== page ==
Chad Varah, an Anglican priest in the UK, who founded The Samaritans as the first suicide prevention helpline of the world, did so after learning about the death of a teenager. The girl had killed herself on the first day she started menstruating. She saw it as God’s punishment for her sins. “I will die soon,” she was sure and decided to take her own life instead. If only she had someone to talk to, thought Varah, as he heard of the tragedy and decided to create an organisation which would be that listener.

Today it is Farzana’s turn to be the listener at the Dadar centre. She is a talkative middle-aged woman, covered in noisy trinkets. Farzana is also blind.

The phone rings and she picks it up. Like most callers, the person on the other end is silent. But she is not fazed; she has been trained to handle such situations. She simply says, “Take your time, we are with you.”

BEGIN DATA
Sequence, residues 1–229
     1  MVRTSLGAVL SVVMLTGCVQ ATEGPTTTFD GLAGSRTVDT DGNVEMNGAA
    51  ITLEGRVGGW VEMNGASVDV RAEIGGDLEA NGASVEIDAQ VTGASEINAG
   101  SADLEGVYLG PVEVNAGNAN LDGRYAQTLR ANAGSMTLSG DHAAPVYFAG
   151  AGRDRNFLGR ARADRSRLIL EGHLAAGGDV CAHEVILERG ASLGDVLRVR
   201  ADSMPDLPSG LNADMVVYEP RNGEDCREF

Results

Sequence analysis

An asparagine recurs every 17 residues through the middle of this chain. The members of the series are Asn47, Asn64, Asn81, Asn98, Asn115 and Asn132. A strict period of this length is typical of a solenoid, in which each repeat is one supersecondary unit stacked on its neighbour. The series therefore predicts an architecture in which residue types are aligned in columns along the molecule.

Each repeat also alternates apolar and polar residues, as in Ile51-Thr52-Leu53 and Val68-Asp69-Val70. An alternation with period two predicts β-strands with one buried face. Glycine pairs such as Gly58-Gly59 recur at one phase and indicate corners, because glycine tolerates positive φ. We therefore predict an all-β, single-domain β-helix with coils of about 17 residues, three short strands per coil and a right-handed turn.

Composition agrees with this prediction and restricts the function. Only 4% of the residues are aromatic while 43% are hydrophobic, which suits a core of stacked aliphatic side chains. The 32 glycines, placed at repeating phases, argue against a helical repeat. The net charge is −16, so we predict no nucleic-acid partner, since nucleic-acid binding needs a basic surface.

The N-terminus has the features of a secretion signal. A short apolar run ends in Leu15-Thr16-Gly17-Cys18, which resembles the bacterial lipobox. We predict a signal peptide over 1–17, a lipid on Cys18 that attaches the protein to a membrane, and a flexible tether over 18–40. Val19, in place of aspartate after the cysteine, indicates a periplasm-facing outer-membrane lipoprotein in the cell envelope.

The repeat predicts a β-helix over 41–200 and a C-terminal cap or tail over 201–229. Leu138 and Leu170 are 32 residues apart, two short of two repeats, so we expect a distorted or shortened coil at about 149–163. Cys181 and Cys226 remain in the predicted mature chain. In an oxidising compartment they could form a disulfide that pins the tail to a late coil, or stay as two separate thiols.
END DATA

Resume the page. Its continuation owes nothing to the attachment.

The silences are often long, sometimes they run into hours. But the volunteers will never cut the call. Their presence, however feeble, can be the difference between life and death.

Chad Varah, an Anglican priest in the UK, founded The Samaritans after learning about the case of a teenager, who had killed herself on the day she started menstruating.

Turns out, the caller is a man, a 72-year-old from the city. Most people who call the helpline do not reveal their name, age or location. But this man tells Farzana everything. He does not want to hide his identity. He is afraid that he has already lost it to old age. His limbs don’t function anymore, his family seems to be oblivious, even though they live in the same house and the loneliness has become unbearable. Wouldn’t death be better than this?

Farzana cannot answer that. The rules do not allow her to. She cannot tell him that suicide is not the way out; she cannot tell him that his children are wrong for treating him with indifference. She answers him with, “How are you feeling about it?”

Manohar has taught her well. He started as a volunteer with the organisation and now is at the helm of it. The now-retired banker has manned these helplines for the past 16 years and heard countless stories of despair, most of which he remembers. He remembers the gay man who told him that he cannot live with the realisation that he is attracted to men, the popular actor who struggled to cope with the loss of his parents and now, increasingly desperate farmers who are grappling with an imminent drought and an indifferent government.